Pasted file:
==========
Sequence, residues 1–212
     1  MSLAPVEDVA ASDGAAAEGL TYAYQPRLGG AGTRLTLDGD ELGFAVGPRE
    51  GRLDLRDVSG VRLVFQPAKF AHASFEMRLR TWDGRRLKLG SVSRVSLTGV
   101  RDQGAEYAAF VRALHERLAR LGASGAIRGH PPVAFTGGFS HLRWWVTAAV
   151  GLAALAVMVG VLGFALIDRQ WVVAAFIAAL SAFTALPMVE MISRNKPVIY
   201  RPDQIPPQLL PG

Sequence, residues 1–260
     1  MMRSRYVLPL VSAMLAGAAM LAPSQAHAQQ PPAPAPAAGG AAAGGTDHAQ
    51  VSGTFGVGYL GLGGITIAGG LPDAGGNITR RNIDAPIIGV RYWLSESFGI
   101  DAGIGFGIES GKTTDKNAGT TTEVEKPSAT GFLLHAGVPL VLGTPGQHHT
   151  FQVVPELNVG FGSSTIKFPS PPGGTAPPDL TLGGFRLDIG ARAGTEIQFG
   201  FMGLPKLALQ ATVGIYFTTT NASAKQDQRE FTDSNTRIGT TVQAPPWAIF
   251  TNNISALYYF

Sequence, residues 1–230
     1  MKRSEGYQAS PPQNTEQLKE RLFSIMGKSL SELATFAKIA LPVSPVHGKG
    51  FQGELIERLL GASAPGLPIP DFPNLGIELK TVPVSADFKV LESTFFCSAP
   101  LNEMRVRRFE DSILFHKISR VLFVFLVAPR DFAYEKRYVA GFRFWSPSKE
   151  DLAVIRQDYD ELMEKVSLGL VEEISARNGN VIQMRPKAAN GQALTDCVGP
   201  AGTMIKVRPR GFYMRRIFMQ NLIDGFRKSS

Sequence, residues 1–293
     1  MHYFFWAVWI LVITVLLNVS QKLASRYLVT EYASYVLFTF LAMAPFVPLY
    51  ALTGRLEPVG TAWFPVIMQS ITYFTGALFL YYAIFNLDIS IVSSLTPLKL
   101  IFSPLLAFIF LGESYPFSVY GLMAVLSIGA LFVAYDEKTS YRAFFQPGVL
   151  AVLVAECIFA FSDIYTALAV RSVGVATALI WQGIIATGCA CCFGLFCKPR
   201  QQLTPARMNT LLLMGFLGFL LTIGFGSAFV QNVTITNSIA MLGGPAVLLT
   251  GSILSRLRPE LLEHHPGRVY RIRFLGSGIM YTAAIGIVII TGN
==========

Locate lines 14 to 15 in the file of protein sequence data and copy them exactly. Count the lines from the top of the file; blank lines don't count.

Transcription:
Sequence, residues 1–230
     1  MKRSEGYQAS PPQNTEQLKE RLFSIMGKSL SELATFAKIA LPVSPVHGKG